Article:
One of the hottest tickets in live events last month took place not just over a digital channel, but on Zoom, the video conferencing software that has taken off in the pandemic.
As tens of thousands watched over the conferencing platform and chatted over Twitter, Josh Gad, Mandy Patinkin, Robin Wright and other famous actors performed a “table read” of the movie “The Princess Bride.” The event was orders of magnitude larger thanks to a tsunami of online buzz, and pointed to a confluence of emerging trends in media: consumers are increasingly platform agnostic, life is blurring between online and offline, and innovative forms of content creation are booming. Along with the rise of gaming and new roles for influencers, change is afoot across the consumer and media landscape.
For content creators and marketers, 2020 has been a turning point long in the making. Cord-cutting and the rise of over-the-top platforms have created a category of “unreachables” that new forms of content and marketing may help to capture. Barriers of entry are coming down and fragmentation is going up, following consumers as their behaviors shift from big screens to small, their tastes heading in disparate directions. The next few years will be fascinating for observers as “TV experiences” and business infrastructure, including advertising, undergo changes that have been accelerated by COVID. Here are some of the trends to watch:
The line between online and real life is blurring. “I don’t think the consumer is thinking about ‘when am I in digital and when am I in real life,’” says Kimberly Doebereiner, director for the future of advertising at P&G. She points to shopping examples such as buying online and picking up in stores, or uses of AR as with Pokemon Go, that integrates a mobile game with the real world. “You can’t think of a vector of digital versus real,” she says. “It’s about moving the consumer along.” Other examples of the melding of experiences includes a campaign by the Australian winemaker 19 Crimes that asked consumers to download the Living Wine Label, point it at the bottle and watch and listen to stories about the people who settled the land where the wine’s grapes were grown. And Joe Biden’s campaign crossed the digital/real when it offered campaign “yard signs” for the game “Animal Crossing.”
New roles for influencers. And “influencers.” With their millions of followers, influencers’ role in reaching consumers expanded this year to include creating products, and of course, selling them. In China, millions of consumers have turned to influencers’ live selling video streams to purchase goods, to the extent where Alibaba has launched a program to recruit and train influencers around the world. In the US, similar approaches are rolling out, thanks to Amazon’s Influencer Program and a new rule that allowed Instagram users to directly sell products.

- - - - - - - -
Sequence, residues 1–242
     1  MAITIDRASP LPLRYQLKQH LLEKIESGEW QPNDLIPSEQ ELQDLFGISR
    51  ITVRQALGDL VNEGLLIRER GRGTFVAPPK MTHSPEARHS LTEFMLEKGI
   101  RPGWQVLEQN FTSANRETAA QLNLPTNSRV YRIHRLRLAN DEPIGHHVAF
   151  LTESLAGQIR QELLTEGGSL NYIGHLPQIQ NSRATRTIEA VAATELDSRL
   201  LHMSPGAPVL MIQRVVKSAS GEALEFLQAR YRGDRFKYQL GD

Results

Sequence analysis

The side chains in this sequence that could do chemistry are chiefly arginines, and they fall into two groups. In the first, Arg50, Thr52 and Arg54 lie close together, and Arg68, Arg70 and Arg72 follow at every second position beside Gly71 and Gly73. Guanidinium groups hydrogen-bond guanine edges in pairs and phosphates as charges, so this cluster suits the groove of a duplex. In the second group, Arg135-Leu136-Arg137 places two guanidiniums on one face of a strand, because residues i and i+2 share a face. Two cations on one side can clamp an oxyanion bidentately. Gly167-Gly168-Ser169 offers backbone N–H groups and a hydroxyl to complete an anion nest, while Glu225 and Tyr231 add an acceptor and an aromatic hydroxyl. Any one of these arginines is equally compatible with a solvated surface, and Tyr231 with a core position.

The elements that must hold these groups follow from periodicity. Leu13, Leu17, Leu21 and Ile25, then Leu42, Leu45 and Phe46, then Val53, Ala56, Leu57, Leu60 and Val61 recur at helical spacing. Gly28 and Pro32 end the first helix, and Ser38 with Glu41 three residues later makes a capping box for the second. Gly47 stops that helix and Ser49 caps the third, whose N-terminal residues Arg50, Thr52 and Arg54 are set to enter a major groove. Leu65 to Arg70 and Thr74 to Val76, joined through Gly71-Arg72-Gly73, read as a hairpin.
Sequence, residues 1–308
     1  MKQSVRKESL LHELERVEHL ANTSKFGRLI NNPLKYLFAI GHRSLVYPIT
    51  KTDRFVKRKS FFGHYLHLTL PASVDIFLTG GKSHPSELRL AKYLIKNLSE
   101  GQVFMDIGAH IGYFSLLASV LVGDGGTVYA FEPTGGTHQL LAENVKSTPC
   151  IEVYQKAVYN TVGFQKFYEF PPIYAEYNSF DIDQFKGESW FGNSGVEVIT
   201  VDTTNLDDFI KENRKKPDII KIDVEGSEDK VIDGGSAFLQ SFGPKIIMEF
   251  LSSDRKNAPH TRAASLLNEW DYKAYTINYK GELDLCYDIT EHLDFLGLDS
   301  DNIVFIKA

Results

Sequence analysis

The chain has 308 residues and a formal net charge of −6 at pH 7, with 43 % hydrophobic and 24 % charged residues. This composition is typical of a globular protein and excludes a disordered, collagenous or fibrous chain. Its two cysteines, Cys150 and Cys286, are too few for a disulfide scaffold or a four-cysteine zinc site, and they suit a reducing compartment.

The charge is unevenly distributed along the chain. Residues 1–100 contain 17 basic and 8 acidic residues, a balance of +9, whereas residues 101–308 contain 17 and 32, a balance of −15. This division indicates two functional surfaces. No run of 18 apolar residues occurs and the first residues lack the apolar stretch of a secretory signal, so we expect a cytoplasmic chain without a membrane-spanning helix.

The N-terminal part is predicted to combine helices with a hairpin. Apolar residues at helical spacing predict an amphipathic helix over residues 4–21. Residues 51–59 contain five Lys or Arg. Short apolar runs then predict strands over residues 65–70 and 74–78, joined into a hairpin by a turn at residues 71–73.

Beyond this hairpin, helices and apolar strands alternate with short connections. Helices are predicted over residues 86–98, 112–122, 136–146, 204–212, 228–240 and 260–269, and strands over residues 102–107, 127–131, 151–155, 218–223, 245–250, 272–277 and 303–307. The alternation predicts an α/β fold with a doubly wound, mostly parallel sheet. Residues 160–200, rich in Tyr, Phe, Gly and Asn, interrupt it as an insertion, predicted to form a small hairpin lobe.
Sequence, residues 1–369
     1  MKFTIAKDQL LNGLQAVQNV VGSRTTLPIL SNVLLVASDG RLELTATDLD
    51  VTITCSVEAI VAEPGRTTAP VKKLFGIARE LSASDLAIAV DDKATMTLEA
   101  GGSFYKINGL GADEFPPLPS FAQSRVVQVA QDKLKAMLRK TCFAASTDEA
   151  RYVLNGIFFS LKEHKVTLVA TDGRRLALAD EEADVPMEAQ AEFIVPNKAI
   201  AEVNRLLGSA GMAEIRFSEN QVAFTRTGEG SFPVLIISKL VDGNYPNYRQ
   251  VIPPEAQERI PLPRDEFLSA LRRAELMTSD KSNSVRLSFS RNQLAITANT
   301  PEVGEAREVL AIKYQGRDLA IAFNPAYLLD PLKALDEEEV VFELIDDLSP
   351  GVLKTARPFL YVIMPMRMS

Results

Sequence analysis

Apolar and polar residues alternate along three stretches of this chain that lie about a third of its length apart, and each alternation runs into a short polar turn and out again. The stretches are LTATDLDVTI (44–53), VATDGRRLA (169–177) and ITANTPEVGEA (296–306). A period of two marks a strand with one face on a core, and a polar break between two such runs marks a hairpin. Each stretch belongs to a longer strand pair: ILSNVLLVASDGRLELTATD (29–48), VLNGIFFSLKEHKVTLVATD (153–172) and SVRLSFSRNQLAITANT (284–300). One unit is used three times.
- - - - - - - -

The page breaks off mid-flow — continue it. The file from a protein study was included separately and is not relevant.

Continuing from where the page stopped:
Being an influencer is not just a job for people. From the global phenom Lil Miquela to the World Health Organization’s Knox Frost, virtual influencers, or “avastars,” have emerged to promote brands and ideas to their millions of followers. Millions of dollars in venture capital and brand dollars show this trend is gathering early momentum.
An endless boom in content. Not so long ago, content creators worked mainly through established networks and studios. Now, social networks, individual influencers, brands, bloggers and others are developing media independently of gatekeepers. Influencer creators are becoming ad agencies, taking on more of the big-brand content creation. So are models for fashion brands. Instagram Live hosted a “Verzuz Battle” between 76-year-olds Patti LaBelle and Gladys Knight that drew an audience of millions. While brands have long played in the content game, Doebereiner says the difference now is that the focus is on “figuring out how does your brand fit into the consumer’s life in a way that isn’t an interruption.” LEGO Movies are a leading example of branded content, so are efforts such as that of TopGolf, which co-produced Will Smith’s “The Joka” and provides the backdrop for the show’s interviews at one of its golfing locations.
Gaming grows and grows. Gaming was huge before the pandemic and has grown significantly since, and it engages hard-to-reach demographics as well. “Mobile gaming is predominantly women, the eyeballs are growing exponentially, and many are cord-cutters,” notes Doebereiner. Marketers are finding new ways to play: One of the most popular games, “Call of Duty,” does not allow advertising. So South American retailer Almacenes Exito leveraged gaming influencers and put bounties on their heads within the game. Expect plenty of innovation and growth in this market going forward.